Stories of brave mountaineers, Maori legends and tectonic plates form the history of our beautiful Southern Alps. Let's have a closer look!
The Southern Alps are our playground in winter and we are lucky enough to know almost all the secret valleys, majestic peaks and of course where to find the best heli-skiing terrain. Let’s take a closer look at how these amazing mountains came into existence and what makes them special!
The Southern Alps are the highest and largest mountain range in New Zealand and cover the whole South Island from Nelson to Milford Sound. Their total length is over 500 kilometres and its tallest peak is Aoraki/ Mt Cook which has a height of 3,724 metres. Mt Cook was Sir Edmund Hillary’s training field before he started climbing the highest summits all over the world, this included being the first person ever to climb Mt Everest! Next to New Zealand’s highest mountain, the Southern Alps have 16 other summits that are over 3,000 metres high and with more than 3,000 glaciers. The longest being the Tasman Glacier with a length of 27 kilometres (compared to 29km in the 1960s).
85 million years ago New Zealand split from the supercontinent Gondwana. Surprising fact, for the first 80 million years after the separation the land did not have any mountains. The Southern Alps have only been formed within the last 5 million years which makes them a relatively young and very dynamic mountain range. New Zealand straddles the boundary between the Pacific and Australian plates and when these plates collide, they push up the land forming the mountains that we know today. The plates are constantly moving which result in the constant change of the Southern Alps.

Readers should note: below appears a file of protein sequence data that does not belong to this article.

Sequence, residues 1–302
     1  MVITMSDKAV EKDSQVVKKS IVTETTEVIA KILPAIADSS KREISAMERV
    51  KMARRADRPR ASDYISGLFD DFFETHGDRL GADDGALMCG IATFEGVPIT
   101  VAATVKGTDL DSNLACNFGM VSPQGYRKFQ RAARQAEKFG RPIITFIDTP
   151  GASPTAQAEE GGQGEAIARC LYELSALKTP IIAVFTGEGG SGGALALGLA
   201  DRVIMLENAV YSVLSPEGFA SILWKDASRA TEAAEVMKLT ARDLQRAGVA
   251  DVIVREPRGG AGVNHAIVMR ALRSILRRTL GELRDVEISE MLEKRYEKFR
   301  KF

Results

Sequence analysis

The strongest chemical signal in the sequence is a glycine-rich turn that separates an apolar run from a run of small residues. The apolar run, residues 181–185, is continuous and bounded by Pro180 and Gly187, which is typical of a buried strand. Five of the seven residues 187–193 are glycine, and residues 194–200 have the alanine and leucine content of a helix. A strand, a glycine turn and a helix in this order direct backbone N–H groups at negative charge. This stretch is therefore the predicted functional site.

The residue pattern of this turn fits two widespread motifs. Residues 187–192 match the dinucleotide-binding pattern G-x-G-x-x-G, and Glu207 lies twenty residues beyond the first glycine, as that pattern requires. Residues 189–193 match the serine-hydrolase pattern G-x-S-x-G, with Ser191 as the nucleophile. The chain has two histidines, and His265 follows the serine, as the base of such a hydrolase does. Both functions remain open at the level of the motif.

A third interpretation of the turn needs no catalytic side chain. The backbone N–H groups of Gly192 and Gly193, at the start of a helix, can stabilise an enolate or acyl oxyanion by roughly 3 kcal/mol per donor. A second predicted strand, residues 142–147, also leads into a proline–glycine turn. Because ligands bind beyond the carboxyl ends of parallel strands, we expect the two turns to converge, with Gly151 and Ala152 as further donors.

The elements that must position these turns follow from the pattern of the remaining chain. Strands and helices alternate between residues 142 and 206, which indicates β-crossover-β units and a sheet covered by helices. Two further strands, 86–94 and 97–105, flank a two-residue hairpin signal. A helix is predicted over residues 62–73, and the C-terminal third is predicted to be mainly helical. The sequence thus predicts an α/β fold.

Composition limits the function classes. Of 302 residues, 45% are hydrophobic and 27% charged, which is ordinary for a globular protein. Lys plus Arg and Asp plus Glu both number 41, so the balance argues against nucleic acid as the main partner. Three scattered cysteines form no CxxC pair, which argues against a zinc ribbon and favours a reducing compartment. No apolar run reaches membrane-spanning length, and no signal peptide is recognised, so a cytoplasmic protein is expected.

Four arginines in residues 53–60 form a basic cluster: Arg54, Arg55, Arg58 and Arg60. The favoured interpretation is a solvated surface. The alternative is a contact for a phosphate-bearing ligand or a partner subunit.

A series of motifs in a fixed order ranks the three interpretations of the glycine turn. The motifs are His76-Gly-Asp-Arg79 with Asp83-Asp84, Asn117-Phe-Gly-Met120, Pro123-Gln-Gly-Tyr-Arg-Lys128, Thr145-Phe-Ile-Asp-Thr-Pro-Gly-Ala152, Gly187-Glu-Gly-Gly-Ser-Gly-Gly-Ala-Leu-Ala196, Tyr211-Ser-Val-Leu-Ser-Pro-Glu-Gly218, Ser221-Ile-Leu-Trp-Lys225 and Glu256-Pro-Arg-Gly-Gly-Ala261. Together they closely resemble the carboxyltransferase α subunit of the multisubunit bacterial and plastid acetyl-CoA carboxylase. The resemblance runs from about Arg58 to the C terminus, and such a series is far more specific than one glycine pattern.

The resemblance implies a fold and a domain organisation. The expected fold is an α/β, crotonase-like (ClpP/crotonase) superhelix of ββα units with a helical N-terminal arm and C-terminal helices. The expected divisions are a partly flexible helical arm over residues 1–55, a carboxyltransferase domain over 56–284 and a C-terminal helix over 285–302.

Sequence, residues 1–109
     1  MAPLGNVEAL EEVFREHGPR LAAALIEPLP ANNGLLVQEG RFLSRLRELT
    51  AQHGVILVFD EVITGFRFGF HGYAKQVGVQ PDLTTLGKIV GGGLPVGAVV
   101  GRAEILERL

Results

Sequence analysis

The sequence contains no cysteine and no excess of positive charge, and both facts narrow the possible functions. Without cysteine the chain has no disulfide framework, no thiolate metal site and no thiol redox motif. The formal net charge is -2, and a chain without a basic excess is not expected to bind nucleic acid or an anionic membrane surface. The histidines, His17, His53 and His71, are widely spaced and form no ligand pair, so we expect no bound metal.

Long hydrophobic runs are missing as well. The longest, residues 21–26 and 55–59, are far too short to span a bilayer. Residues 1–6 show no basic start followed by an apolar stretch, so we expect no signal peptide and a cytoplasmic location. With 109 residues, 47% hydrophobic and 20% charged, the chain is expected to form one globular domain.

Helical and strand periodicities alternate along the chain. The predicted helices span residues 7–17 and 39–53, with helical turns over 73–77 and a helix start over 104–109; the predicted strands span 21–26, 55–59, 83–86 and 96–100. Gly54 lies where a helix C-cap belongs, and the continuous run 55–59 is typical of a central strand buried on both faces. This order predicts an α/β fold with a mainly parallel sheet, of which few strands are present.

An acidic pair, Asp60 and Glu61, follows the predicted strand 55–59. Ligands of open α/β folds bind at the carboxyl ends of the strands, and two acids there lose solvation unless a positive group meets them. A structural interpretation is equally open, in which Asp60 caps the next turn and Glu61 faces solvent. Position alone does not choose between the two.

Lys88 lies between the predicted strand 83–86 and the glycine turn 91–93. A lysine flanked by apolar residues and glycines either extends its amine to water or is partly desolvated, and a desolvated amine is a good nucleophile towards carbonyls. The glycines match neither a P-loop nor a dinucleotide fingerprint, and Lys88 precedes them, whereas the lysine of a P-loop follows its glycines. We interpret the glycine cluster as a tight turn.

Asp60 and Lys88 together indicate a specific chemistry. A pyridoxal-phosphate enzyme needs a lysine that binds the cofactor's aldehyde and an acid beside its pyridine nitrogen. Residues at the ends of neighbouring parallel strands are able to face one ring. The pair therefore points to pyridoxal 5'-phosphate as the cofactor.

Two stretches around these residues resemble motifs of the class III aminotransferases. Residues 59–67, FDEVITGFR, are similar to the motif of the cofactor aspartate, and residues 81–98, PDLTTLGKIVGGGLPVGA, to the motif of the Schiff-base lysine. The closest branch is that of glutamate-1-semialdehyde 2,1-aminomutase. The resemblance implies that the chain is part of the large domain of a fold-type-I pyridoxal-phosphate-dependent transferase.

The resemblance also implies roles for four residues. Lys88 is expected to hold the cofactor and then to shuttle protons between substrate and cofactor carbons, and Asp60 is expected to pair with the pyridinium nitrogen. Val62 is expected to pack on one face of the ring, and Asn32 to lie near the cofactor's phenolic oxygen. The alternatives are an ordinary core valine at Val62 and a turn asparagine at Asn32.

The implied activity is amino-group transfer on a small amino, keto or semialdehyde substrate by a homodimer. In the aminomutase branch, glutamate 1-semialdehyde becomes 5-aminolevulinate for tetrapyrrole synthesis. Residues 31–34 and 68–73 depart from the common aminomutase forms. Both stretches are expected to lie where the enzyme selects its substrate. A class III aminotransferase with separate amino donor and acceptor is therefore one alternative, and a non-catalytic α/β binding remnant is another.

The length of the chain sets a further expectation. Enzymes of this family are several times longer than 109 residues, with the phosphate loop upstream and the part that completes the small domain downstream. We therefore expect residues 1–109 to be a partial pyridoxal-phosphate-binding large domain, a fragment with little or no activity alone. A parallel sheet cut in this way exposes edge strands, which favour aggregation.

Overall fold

The Southern Alps are among the fastest rising mountains in the world, the uplift rate is 10-20mm per year. That’s more than 10kms in a million years, but at the same time, the mountain range has been wearing down almost at the same rate. The most renowned decrease in height occurred in 1991 when Mt Cook became ten metres shorter overnight when an avalanche of 14 million cubic metres of rock and ice fell from its summit.
Without this constant erosion, the Southern Alps would be massive by now, about 6 times their present height which would make Mt Cook almost three times the height of Mt Everest.
The Maori name for the Southern Alps is Ka Tiritiri-o-te-Moana. Legend says that the mountain range was formed when Raki, the sky father married Papatuanuku, the earth mother and his children came down to greet their father’s new wife. Four of his sons, Ao-raki (Cloud in the Sky), Raki-ora (Long Raki), Raki-rua (Raki the Second), and Raraki-roa (Long Unbroken Line) went out in a canoe and got stuck on a reef. When they weren’t rescued they were frozen and turned into stone, according to the legend their canoe (‘waka') formed the South Island and the four brothers formed the Southern Alps.
The first recorded crossing of the Southern Alps was made by a Maori woman named Raureka, around 1700. She was a chieftainess of the Ngati-Wairangi tribe and travelled from the Greenstone Coast to the plains that are now Canterbury. With this crossing, she opened the way for the Maori greenstone trails, which were used by the tribes to transport West Coast greenstone (pounamu) for trading. Europeans began to climb mountains in New Zealand around the 1800s, this was not yet for recreational purposes but for exploration and surveillance of the land. It wasn’t until 1882 that a group tried to climb Mt Cook for the first time, it took another 12 years for the first successful ascent by Tom Fyfe, George Graham and Jack Clarke.
It's easy to forget how much history, geology and tradition is manifested in the mountains we are skiing every day during winter. It is a pleasure and an honour to work in New Zealand’s natural wonderland that is the Southern Alps and we can’t wait for the new season to begin and take us back there!